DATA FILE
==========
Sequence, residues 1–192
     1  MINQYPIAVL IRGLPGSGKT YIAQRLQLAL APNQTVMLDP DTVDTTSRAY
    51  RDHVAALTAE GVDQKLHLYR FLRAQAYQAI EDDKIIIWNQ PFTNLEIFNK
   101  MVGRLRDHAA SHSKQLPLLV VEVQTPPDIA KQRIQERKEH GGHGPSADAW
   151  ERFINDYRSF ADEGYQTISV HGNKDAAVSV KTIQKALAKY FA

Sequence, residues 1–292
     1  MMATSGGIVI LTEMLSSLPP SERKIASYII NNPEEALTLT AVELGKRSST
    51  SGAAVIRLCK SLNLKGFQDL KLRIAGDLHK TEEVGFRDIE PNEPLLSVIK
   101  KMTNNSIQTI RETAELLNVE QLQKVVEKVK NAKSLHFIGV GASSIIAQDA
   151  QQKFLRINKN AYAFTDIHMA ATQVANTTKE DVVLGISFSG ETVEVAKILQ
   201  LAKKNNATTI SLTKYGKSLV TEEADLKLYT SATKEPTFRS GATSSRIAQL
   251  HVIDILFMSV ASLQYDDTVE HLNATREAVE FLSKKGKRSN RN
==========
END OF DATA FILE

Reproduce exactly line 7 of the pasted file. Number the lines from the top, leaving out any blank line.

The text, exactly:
     1  MMATSGGIVI LTEMLSSLPP SERKIASYII NNPEEALTLT AVELGKRSST